Managing Your Symptoms

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Hi. I'm Ron. I'm a polycythemia patient, and I've had the disease for over 25 years. I was originally diagnosed at the age of 38. And I'm here to talk to you about symptom management and talking to your doctor regarding lifestyle changes that may help control or mitigate your symptoms. [MUSIC PLAYING]

Before you go to your doctor, it's a good idea for you to write down your symptoms, any new ones that you've had, or any symptom that has changed and the time period that you noticed the changes happening. Describe what they are and how they're affecting your life or your ability to function on a day-to-day basis. Make sure that you communicate to your doctor all the symptoms that you're having or the ones that you're struggling with. And this is important for them to understand whether or not it's related to your polycythemia Vera, or it could be something else that's going on.

When you're speaking to your doctor about your symptoms, you should be as specific as you can with them-- for example, your fatigue or if you're having headaches or what brings them on or what relieves them as an example. When you're speaking to your doctor regarding your symptoms and your treatment, you may get into some areas that are uncomfortable to ask. But be confident that your doctor is on your team and a part of your health care and only wants the best for you. So make sure that you don't hold any of that back with your doctor so that you can work together as a team.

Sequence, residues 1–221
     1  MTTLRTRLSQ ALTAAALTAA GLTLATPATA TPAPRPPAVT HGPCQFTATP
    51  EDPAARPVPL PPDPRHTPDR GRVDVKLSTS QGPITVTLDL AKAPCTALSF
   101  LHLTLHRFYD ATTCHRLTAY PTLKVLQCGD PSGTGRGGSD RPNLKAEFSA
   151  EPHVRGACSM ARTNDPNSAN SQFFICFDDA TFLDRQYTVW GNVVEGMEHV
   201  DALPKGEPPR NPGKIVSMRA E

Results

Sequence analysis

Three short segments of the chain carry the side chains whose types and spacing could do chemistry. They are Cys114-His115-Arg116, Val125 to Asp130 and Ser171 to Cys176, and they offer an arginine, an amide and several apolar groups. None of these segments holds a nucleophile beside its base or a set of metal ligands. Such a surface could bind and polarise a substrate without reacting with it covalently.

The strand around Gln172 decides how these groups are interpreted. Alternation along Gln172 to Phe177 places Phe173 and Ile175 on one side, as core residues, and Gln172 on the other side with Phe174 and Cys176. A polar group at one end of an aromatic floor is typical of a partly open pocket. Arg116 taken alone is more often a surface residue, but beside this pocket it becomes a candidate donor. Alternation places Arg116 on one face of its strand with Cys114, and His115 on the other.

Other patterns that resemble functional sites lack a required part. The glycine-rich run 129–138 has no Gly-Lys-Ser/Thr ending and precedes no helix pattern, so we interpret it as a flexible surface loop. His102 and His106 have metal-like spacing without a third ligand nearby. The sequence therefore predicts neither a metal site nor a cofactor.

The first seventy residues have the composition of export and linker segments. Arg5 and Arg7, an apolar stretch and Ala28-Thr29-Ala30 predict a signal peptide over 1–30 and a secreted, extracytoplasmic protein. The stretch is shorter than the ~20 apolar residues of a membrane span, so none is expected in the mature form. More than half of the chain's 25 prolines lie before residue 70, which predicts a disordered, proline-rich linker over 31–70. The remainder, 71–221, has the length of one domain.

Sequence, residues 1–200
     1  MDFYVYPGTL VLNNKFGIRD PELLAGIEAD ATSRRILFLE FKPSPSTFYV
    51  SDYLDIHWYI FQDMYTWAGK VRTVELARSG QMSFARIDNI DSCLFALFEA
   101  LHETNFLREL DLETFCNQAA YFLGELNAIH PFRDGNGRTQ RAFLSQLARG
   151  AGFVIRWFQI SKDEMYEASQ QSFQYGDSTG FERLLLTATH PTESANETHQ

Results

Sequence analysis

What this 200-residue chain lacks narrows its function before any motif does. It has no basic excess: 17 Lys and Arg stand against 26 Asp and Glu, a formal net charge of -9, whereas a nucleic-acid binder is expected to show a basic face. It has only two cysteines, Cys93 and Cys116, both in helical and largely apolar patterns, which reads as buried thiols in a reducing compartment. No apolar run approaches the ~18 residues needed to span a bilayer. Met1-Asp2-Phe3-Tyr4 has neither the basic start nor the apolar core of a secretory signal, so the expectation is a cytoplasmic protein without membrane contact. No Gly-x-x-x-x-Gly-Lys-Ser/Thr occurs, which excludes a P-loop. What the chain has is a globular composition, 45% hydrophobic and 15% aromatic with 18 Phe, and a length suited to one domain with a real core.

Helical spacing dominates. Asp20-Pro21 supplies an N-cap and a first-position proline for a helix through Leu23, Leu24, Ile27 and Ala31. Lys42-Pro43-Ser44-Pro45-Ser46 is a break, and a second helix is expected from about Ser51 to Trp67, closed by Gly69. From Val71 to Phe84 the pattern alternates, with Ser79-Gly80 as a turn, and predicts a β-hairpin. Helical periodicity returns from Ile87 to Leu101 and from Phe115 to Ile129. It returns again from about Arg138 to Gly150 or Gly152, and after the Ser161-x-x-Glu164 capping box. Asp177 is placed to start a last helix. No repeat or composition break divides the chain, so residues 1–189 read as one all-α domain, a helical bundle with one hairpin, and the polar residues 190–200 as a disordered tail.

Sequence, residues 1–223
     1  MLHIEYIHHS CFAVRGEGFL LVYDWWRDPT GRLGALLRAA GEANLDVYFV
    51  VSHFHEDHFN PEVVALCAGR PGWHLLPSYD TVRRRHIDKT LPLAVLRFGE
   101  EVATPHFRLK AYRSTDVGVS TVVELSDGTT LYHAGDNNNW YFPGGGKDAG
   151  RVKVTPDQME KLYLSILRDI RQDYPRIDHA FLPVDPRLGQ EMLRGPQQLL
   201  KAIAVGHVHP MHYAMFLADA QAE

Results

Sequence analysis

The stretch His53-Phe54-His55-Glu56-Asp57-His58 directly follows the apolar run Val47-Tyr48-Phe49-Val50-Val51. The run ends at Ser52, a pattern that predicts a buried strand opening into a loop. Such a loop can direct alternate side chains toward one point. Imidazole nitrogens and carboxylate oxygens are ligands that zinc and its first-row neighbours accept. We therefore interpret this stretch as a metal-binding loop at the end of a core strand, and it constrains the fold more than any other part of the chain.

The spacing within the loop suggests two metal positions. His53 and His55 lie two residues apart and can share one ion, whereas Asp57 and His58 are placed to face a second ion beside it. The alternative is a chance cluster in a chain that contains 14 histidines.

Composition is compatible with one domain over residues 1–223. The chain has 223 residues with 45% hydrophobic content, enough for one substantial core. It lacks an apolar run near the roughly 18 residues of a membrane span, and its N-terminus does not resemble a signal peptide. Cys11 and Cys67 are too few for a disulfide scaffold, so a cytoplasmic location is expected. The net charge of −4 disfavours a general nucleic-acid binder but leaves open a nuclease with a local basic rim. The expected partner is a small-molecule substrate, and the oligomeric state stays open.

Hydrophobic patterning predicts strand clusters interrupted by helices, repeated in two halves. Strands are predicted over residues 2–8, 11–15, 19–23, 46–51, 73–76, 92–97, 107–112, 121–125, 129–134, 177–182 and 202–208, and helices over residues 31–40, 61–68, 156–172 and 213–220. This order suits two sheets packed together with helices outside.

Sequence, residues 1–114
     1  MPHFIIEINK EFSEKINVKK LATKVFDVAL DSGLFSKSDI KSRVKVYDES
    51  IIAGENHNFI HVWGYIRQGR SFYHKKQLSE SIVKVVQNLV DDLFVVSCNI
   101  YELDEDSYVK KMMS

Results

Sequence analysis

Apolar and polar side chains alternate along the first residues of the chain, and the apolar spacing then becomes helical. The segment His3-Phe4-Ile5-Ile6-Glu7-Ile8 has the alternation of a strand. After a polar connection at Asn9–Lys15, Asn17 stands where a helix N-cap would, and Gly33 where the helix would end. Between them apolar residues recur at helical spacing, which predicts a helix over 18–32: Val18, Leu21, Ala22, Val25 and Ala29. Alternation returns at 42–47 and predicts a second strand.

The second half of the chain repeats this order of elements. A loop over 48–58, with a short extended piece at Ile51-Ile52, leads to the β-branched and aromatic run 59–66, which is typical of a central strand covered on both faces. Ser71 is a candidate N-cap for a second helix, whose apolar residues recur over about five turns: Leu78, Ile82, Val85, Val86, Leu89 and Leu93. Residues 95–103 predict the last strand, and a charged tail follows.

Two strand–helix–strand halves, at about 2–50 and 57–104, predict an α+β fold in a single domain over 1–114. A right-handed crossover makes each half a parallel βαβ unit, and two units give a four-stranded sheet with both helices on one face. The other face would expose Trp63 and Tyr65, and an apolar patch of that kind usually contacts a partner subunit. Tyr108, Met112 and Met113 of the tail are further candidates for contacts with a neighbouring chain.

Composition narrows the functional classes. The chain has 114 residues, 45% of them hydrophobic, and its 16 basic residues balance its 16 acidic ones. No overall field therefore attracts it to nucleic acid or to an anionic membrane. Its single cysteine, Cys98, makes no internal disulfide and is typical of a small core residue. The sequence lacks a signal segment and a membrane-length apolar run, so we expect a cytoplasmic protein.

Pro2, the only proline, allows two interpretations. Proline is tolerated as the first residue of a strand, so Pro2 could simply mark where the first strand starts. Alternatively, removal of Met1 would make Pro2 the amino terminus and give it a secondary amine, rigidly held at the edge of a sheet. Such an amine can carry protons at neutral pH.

In speaking with your doctor, if you hear something or advice that seems contrary to what you understand, ask the doctor about why he's recommending or she is recommending that treatment for you and your understanding of why you may disagree with that.

Through your speaking with your doctor at any time, there is a lot of medical terms. And there are some new ones that may come up that you've never heard before. Again, if you're not understanding those, ask them to put it in simple English for you. What is it happening to me? What is it doing to my body? What is the treatment options doing to my body? So you understand the potential side effects that you may occur during your treatment.

As a patient, you have a certain style that you'd like to receive information under. Try to understand that. Do you want short answers? Do you want complete answers? Do you want to go into depth? Or you really just really trust them to make the right decisions, and you don't need to understand any of that.

As a polycythemia patient to this, the diagnosis in itself and the lifestyle impacts that you have can take a toll on you, on the mental health as well as your family around you as well. Be understanding that you're just human. And that's part of this process.

At your doctor's appointment, again, a couple recommendations that I have for you is to, again, write down the information that the doctor sharing with you. If they have the postvisit summary, you can review that and make sure that you understand everything that's in there. And also, if you have a caregiver with you, that they're in attendance and if they have particular questions they can ask is a great thing to do at that time.

Make sure that at your visit and at the end of the visit, you get copies of any recent blood tests that you have or any diagnostic tests that you have so that you have it in your records as well so that you can refer to them later. One of the things that you can do at your as a patient at your appointment at the very end is feed back to the doctor what you understood and heard during this appointment to make sure that you have everything that you need when you leave the office to manage your disease moving forward.